AC Alert for October 12, 2011 State Pension Colas: Are They Losing Their Fizz?

Oct 13, 2011 12:45 PM ET

AC Alert for October 12, 2011 State Pension Colas: Are They Losing Their Fizz?

New York and New Jersey are about as close geographically as they can be, separated only by the Hudson River. However when it comes to state pension plans, they're a world apart.

In his letter of September 2011, New York State Comptroller Thomas P. DiNapoli advised eligible New York State Pension recipients that their annual COLA (Cost of Living Adjustment) would be included in September checks. "The COLA is a permanent automatic increase in your pension each September. Your annual COLA is guaranteed by legislation enacted in 2000. Prior to the enactment of the law, pensioners did not receive automatic, annual pension benefit increases. Instead, legislation providing a one-time supplemental pension payment was periodically enacted. Unlike COLA. These supplemental payments were irregular and infrequent. Although the COLA increase is modest, I hope it is reassuring to know that you can count on receiving an increase in your pension benefit each September." (Source: Office of the New York State Comptroller)

When it comes to public employee pension fund COLA's, things are quite different next door in New Jersey:

"On June 28, 2011 Governor Christie signed the Pension and Health Benefit Reform Law. Under a provision in this law, future COLA adjustments are suspended for retirees and benefit recipients of all retirement systems." (Source: New Jersey Division of Pensions and Benefits).  The states are located side-by-side and seem to be a world apart when it comes to public employee pensions.

What we are witnessing here is more fallout from the economic recession. State pension funds were especially hard hit over the past several years and some states have implemented remedial steps which would have been heretofore politically impossible.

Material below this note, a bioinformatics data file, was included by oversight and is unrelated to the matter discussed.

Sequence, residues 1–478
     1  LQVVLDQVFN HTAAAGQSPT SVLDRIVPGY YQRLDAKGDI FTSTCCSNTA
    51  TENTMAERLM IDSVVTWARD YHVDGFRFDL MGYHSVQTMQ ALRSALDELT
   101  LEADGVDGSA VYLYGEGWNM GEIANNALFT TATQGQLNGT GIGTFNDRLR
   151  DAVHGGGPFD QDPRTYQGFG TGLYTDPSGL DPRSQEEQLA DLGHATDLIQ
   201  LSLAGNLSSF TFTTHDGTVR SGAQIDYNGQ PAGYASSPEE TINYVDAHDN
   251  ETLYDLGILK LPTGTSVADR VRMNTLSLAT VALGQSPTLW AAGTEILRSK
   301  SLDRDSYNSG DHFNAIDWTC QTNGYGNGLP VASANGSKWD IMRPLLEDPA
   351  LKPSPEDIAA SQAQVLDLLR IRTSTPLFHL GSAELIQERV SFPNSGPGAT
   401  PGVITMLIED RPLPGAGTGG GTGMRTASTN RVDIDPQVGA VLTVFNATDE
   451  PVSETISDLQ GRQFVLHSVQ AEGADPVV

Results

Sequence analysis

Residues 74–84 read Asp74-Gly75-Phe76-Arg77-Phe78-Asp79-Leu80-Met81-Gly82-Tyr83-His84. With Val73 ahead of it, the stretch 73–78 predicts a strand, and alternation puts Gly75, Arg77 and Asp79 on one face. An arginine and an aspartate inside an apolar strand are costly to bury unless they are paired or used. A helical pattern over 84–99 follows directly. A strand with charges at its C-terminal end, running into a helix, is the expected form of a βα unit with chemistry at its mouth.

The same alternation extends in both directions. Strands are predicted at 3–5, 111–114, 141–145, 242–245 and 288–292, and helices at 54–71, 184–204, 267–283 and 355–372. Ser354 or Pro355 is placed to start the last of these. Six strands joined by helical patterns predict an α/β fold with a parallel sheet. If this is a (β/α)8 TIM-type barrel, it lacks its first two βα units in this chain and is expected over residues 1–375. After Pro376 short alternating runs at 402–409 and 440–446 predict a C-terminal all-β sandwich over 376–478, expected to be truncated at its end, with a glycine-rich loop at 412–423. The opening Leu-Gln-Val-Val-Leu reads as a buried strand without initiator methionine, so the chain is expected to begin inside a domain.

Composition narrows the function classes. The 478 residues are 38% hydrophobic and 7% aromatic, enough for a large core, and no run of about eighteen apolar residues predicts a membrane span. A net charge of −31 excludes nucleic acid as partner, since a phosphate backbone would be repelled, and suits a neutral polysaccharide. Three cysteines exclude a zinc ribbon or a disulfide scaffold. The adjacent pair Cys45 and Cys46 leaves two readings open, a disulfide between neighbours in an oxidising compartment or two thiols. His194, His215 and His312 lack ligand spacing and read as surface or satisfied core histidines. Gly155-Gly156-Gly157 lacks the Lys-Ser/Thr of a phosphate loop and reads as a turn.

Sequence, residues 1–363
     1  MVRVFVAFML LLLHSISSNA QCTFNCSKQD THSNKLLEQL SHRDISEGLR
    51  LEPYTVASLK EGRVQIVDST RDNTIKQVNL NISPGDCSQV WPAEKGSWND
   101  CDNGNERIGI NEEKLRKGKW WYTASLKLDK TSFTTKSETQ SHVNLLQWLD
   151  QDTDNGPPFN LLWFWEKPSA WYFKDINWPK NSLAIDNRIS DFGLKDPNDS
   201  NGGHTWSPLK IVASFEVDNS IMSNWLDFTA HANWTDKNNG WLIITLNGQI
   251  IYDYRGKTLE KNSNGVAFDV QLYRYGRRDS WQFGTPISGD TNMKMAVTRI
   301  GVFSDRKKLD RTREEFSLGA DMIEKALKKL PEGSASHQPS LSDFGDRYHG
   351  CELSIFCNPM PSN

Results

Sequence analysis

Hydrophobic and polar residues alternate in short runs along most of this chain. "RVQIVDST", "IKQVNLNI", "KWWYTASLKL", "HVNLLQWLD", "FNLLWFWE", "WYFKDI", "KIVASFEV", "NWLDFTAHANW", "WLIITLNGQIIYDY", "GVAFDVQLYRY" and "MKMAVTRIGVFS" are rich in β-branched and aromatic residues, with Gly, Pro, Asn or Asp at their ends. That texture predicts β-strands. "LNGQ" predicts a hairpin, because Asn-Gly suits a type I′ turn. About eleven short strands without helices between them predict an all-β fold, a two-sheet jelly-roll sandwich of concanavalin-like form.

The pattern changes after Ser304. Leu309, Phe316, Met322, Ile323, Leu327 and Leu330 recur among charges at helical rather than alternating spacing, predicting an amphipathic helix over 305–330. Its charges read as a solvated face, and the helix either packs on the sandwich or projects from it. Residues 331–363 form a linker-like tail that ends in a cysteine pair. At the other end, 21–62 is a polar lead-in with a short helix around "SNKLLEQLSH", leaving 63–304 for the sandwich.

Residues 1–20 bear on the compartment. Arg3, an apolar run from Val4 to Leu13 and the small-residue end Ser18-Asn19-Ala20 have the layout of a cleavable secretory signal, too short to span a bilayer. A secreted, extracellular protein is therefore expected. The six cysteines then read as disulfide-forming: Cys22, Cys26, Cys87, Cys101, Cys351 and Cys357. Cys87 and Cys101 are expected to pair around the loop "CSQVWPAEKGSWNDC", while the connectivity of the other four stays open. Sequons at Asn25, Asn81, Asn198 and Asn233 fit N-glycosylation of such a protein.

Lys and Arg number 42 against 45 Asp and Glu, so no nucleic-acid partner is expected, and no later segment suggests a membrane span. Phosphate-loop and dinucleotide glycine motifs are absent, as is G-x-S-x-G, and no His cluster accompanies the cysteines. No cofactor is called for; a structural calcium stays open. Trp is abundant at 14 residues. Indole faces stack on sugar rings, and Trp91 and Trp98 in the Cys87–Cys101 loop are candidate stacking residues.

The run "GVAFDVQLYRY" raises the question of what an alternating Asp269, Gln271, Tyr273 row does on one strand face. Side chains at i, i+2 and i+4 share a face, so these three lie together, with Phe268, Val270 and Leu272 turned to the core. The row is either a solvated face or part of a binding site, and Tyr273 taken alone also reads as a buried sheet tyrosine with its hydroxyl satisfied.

When one considers the many millions of families impacted by the pension payments made by state and other municipal pension systems throughout the country, this is big news. Your AC editors have been monitoring the status of the state pensions even before the onset of the recession.

Our early hunch was that there would be historic measures taken, so we created a Hot Topic section: "Pensions, The Next Fiscal Crisis?"

Millions of Americans now employed in the public sector and many more millions of retirees who once worked in these sectors are covered by pension systems to provide for payments in post-retirement.  In most cases, the systems took the form of defined benefit plans, whereby a retiree receives a specified monthly benefit, predetermined by a formula based on his or her earnings history, tenure of service and age.

Often, salaries in the private sector outpaced the salaries of government workers, so the “difference” for an employee entering the workforce was the promise of payments and benefits in retirement.  Over the years public employee labor unions also negotiated for more generous plans at contract time.